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    • "The societal costs of work disability in the USA are tremendous , with estimates showing 234 billion dollars spent annually on work losses (Allaire et al., 2005; Burton et al., 2006). "
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    ABSTRACT: Work disability is common among people with chronic conditions. The terminology in the field is variable and often used interchangeably and there is a lack of comprehensive frameworks to describe work as an outcome. Varied operationalization of work disability makes it difficult to establish precise estimates of the impact of chronic musculoskeletal conditions on work. A new conceptual framework was developed using the International Classification of Functioning, Disability and Health and was named 'Work Activity and Participation Outcome (Work APO) Framework' which clarified definitions in the field. Applying the framework to people at risk of work disability and evaluating their outcomes could advance the literature.
    Full-text · Article · Feb 2015 · International Journal of Rehabilitation Research
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    • "However, current measures tend to ignore productivity issues within the home and participation in social activities. A notable proportion of people with RA drop out of the workforce due to their disability, and yet they still need to do work around the house or someone has to do it for them; therefore, the impact of the condition on unpaid work also warrants consideration [10]. "
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    ABSTRACT: The rheumatoid arthritis-specific Work Productivity Survey (WPS-RA) measures the impact of rheumatoid arthritis (RA) and treatment on patient productivity within and outside the home. It contains nine questions addressing employment status, productivity within and outside the home, and daily activities. The objective of this paper was to evaluate the discriminant validity, responsiveness, and reliability of the WPS-RA in patients with active RA. Two hundred twenty subjects (mean age was 53.8 years, 83.6% were female, mean disease duration was 9.54 years, mean number of disease-modifying anti-rheumatic drugs failed was 2, and 38.6% were employed outside the home) in a phase III, 24-week, double-blind, placebo-controlled trial completed the WPS-RA at baseline and every 4 weeks until withdrawal/study completion. Validity was evaluated via known groups using baseline data (first and third quartiles of subjects' Health Assessment Questionnaire--Disability Index [HAQ-DI] scores and Short Form-36 health survey [SF-36] scores). To evaluate responsiveness, mean changes in WPS-RA at week 24 were compared between American College of Rheumatology 20% improvement criteria (ACR20) (or HAQ-DI) responders and non-responders. Standardized response mean (SRM) was also used to quantify responsiveness. All group comparisons were conducted using a non-parametric bootstrap-t method. Subjects with lower HAQ-DI or SF-36 scores generally had statistically greater RA-associated losses in productivity within and outside the home compared with subjects with higher scores (25 of 32 evaluations were statistically significant). Smallest differences between groupswere seen in work absenteeism and days with outside help. At week 24, ACR20 and HAQ-DI responders reported large improvements in productivity within and outside the home; non-responders reported mainly a worsening in productivity (P <or= 0.05). Effect size for productivity changes in ACR20 or HAQ-DI responders was moderate to large for six out of eight items (SRM = 0.48 to 1.12). The effect size was small for work absenteeism and days with outside help. (SRM = 0.4 and 0.24, respectively). In non-responders, the magnitude of change was negligible (SRM < 0.1) or small (SRM < 0.3). The WPS-RA has demonstrated properties of discriminative validity, reliability, and responsiveness for the measurement of productivity within and outside the home in subjects with active RA.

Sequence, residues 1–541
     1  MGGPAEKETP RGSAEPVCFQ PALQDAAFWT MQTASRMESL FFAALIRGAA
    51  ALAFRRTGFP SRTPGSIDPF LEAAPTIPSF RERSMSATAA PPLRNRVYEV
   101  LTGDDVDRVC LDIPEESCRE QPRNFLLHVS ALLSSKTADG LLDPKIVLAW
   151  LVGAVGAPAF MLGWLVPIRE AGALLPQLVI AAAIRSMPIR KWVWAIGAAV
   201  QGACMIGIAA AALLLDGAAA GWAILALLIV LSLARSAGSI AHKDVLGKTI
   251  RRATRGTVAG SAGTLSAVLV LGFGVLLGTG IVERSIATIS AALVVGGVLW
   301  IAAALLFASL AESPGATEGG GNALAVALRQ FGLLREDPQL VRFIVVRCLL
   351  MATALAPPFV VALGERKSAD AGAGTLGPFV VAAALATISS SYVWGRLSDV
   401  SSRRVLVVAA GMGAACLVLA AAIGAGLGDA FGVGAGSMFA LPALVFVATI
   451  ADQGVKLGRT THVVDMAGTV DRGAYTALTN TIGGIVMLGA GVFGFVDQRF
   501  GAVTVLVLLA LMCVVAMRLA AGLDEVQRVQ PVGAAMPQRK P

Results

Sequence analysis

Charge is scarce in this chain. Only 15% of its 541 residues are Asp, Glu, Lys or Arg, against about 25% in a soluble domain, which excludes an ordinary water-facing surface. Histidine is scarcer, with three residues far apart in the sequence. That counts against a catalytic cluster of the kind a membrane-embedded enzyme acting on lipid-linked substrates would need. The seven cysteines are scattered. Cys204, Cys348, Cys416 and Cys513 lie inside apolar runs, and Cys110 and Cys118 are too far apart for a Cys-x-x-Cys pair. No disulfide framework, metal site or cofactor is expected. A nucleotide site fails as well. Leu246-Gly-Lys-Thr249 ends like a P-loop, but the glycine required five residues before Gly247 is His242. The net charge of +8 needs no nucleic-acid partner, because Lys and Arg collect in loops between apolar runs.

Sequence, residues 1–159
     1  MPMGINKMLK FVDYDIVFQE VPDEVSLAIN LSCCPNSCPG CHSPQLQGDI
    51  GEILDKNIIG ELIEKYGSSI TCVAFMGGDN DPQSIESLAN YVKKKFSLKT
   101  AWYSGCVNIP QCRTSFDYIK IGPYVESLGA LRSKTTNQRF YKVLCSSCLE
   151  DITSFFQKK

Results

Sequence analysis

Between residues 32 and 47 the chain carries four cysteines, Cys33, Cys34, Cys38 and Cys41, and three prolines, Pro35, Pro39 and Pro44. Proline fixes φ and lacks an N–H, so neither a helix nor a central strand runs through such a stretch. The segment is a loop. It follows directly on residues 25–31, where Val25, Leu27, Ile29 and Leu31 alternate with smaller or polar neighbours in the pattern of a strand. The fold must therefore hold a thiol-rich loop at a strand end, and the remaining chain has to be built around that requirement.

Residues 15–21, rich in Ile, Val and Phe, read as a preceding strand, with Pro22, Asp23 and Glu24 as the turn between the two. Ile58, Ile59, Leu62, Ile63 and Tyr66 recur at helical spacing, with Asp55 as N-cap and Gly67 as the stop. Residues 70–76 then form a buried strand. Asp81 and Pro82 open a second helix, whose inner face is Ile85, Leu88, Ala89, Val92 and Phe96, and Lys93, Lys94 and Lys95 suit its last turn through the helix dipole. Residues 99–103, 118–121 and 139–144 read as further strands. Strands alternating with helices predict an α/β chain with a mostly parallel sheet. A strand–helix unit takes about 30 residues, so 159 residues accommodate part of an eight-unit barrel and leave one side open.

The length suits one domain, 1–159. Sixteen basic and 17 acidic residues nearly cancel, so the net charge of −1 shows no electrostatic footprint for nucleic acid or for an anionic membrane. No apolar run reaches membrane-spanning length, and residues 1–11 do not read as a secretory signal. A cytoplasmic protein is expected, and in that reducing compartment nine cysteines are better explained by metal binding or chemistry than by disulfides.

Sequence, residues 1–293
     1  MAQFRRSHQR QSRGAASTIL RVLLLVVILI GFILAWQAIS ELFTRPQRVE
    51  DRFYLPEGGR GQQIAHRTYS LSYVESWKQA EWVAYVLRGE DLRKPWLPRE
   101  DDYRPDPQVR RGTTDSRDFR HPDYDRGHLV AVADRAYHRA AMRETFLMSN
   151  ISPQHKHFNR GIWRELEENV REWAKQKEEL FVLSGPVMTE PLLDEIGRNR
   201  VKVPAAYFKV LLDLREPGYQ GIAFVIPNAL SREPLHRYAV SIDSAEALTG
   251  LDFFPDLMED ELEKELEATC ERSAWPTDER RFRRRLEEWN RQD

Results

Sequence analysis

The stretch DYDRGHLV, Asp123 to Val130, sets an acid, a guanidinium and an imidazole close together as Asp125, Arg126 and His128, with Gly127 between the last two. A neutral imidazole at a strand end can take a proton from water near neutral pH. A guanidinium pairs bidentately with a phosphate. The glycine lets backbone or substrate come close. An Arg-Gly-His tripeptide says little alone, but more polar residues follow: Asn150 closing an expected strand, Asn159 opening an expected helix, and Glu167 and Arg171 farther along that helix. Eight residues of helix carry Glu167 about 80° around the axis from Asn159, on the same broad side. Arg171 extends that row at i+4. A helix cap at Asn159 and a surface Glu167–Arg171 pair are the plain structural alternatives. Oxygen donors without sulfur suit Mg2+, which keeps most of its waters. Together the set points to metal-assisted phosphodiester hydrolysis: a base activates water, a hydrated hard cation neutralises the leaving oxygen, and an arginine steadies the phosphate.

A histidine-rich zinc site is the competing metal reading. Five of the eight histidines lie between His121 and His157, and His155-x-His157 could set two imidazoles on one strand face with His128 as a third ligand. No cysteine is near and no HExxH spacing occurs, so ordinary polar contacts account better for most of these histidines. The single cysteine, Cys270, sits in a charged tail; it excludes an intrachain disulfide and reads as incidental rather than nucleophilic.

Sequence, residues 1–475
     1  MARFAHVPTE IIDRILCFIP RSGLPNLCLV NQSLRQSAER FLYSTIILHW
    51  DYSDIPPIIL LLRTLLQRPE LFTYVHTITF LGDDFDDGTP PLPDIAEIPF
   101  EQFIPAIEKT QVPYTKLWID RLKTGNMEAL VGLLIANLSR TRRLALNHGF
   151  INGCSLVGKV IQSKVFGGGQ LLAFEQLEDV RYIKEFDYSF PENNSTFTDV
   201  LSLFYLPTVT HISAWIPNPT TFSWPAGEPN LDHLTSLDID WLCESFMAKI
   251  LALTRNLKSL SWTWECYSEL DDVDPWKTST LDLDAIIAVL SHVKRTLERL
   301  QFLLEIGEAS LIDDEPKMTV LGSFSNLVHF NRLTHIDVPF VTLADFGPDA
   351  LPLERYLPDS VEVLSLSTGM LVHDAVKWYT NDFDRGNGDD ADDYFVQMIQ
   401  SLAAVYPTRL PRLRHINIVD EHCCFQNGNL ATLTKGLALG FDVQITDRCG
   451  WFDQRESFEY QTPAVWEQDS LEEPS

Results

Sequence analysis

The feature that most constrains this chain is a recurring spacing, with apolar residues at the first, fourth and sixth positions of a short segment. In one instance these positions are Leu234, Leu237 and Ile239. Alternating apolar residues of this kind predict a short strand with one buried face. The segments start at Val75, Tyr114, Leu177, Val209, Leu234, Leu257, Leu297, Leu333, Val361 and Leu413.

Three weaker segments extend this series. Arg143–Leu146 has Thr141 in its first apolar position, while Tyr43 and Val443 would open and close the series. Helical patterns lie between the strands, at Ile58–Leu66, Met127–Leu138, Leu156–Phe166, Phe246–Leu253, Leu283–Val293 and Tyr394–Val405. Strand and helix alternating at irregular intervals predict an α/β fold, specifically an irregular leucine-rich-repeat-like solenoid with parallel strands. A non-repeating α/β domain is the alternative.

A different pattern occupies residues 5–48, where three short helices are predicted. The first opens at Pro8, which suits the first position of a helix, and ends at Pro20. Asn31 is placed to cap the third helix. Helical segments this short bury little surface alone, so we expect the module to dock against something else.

Full-text · Article · Jun 2009 · Arthritis research & therapy